Seth Rogen and Evan Goldberg have built their comedic brand out of producing R-rated raunchy comedies, the likes of which include Superbad, This is the End, and Sausage Party. The producing duo also had a hand in writing the screenplays for these films, which may play a part in the level of quality in the final product. I say this because their newest production, Good Boys, is solely written by Lee Eisenberg and Gene Stupnitsky (who also directs).
The resulting film tries to find the balance between raunch and sweetness that Rogen and Goldberg are famous for, but without the cleverness to make the former effectively funny, the latter can only carry Good Boys so far.
Good Boys stars Jacob Tremblay, Keith L. Williams, and Brady Noon as Max, Lucas, and Thor (who call themselves the Bean Bag Boys), three fairly unpopular tween boys entering sixth grade. Max desperately wants to kiss his crush, Brixlee, and he might get the chance when he is invited to a kissing party hosted by the “cool kids.”
Meanwhile, the overly cautious Lucas is struggling with drama between his parents, and Thor is desperately trying to fit in with the “cool kids,” even though his passion for singing and musicals hinders his ability to do so. These boys’ friendship is tested as they embark on a mission to learn how to kiss, which leads to inappropriate google searches, a drug-related feud with teenage girls, and other R-rated shenanigans.
There’s a lot of comedic potential in a film that centers around young kids getting mixed up in very adult stuff. Unfortunately, the writers waste that potential on a barrage of the same types of jokes, which gets tiresome fairly quickly. With films that deal with middle schoolers and high schoolers, I always prefer the ones that have a strong sense of how kids and teenagers talk at those respective ages.
Good Boys plays things very broad with its depiction of middle school vocabulary, which feels like a lazy way to throw in as many sex jokes as possible into an 89-minute runtime. There’s only so many times a sixth grader misunderstands a sex toy before it stops being funny. The rather chaotic editing doesn’t do the comedy any favors, either.
A huge bulk of Good Boys is delegated to a duel between the boys and two very persistent teenage girls, who desperately want their drugs back after Thor unknowingly steals them. This conflict takes things into pure absurdist territory, and the scenarios it puts our protagonists in feel more and more uninspired as the film goes on. For the “one crazy day” type of movie that this is, I was constantly wishing the filmmakers would reign it in a little bit, instead of reveling in its lazily cobbled together insanity.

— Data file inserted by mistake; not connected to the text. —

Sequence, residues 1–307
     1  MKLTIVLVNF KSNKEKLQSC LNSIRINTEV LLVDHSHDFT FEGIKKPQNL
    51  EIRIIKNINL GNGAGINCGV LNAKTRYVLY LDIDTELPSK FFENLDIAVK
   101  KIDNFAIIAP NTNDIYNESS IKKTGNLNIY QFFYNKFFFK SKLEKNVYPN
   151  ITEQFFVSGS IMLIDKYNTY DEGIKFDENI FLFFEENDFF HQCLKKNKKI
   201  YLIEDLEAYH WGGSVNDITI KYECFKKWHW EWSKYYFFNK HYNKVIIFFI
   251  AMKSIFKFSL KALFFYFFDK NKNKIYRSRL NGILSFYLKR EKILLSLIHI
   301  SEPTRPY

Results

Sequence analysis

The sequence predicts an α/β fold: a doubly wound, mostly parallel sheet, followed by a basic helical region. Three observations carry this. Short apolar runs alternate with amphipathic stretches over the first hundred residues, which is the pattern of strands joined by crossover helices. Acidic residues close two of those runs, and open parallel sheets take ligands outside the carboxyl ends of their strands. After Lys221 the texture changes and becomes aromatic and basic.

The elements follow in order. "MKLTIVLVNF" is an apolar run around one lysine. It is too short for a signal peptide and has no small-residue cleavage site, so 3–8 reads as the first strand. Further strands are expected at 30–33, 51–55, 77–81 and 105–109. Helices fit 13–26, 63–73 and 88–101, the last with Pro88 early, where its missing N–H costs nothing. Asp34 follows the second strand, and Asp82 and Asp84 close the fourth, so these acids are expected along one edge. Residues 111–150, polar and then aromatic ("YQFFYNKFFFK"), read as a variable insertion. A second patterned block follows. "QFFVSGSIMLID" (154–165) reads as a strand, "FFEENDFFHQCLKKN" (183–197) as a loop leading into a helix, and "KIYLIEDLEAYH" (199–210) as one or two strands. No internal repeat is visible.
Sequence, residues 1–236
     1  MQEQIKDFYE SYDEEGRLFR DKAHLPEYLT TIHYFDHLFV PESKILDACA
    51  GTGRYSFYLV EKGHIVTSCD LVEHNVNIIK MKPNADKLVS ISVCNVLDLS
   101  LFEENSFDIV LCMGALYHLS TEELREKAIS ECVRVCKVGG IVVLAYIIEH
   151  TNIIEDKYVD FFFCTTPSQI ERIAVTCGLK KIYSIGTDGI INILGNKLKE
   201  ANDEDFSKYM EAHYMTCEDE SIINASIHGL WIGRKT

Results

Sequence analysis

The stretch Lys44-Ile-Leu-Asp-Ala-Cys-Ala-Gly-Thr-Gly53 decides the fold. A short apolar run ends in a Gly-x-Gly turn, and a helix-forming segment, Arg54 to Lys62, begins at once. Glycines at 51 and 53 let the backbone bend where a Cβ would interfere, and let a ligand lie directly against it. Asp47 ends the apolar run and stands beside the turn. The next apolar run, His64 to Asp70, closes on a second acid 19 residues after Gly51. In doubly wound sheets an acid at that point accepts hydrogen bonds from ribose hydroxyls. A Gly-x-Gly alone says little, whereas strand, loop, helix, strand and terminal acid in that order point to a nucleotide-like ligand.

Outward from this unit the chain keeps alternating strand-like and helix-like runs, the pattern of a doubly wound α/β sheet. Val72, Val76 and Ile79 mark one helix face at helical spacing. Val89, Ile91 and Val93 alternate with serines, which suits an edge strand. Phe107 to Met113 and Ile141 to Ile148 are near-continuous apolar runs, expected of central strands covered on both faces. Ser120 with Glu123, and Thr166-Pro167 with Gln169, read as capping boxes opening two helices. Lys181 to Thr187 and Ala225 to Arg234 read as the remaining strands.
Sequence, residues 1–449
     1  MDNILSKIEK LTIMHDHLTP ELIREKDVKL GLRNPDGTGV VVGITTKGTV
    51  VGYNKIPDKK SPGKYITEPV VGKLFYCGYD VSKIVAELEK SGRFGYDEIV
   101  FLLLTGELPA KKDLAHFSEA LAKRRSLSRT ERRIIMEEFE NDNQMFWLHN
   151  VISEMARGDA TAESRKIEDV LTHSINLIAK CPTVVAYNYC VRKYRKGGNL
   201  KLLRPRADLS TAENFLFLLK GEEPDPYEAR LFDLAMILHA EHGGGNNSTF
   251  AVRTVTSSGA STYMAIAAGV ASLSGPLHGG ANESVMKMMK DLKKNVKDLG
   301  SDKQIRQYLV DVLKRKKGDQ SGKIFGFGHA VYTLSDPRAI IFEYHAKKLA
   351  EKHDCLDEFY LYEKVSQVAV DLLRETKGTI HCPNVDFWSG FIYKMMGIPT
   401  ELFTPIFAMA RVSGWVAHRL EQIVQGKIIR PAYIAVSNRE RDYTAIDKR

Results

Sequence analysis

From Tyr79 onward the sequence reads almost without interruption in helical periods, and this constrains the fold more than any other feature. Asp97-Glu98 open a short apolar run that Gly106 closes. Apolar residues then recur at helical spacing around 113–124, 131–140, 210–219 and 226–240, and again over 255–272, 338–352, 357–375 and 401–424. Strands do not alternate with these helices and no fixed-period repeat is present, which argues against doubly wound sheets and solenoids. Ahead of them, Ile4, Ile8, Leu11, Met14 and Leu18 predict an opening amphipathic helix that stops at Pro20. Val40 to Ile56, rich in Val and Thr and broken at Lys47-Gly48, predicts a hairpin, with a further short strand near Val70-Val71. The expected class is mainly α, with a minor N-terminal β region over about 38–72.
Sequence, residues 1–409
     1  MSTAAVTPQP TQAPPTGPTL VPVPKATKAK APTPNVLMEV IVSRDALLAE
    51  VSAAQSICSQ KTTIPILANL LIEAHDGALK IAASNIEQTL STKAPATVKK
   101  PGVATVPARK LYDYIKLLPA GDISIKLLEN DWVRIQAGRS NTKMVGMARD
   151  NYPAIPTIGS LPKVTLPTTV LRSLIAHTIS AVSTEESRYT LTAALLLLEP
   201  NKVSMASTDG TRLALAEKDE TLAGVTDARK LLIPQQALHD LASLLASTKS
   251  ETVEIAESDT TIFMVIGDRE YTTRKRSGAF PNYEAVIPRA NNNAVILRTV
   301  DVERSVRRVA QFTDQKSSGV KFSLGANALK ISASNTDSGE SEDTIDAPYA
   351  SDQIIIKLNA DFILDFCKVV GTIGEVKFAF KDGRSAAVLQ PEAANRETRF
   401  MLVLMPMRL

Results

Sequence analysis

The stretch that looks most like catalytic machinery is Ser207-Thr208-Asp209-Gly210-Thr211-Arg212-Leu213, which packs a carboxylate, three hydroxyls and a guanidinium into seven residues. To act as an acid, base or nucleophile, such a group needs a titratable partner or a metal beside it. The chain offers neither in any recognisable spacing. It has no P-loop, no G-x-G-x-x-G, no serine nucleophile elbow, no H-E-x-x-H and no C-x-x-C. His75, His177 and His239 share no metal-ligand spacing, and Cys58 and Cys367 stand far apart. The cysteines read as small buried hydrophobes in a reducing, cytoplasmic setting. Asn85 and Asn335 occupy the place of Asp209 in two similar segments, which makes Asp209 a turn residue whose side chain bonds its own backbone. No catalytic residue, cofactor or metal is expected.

The scenes that save Good Boys from being completely one-note are the sweet ones that examine the boys’ friendship. The moment that Lucas reveals his family drama to Max and Thor is so endearing, in the way Max and Thor support their friend in a time of need. And the three young actors do have great chemistry with one another, which really makes these scenes work. Good Boys is at its best when it allows the boys to be friends, without bombarding them with raunchy enlightenments or the incessant teenage girls.
There are also some genuine insights into what it’s like to be best friends at that age. A question gets brought up about whether or not the Bean Bag Boys are only friends because they live close to each other and their parents are friends. This ends up putting a strain on their dynamic, as the three boys begin to question the nature of their friendship.
I am glad the filmmakers actually take time away from the oppressive and repetitive gags, even if it’s brief, to bring in thematic ideas about young friendships and finding your identity at that age.
And even though I found most of the humor to be strained, there are a couple scenes that gave me a good laugh. Stephen Merchant has a particularly funny scene with the boys, as a prospective buyer of a collectible card with very personal value. Another scene in a frat house, which owes a huge debt to the drug-deal-gone-bad scene in Paul Thomas Anderson’s Boogie Nights, has some fun slapstick with some very dumb frat guys.
Good Boys is a mixed bag of one-note comedy and an endearing depiction of young friendship. Unfortunately, the moments of sweetness between the three tween leads isn’t quite enough to balance out the raunchy repetition of the film’s often lazy attempts to wring humor out of its undoubtedly intriguing premise. A little more wit and variety would’ve gone a long way in getting more laughs out of me.
Good Boys is rated R and is in theaters today.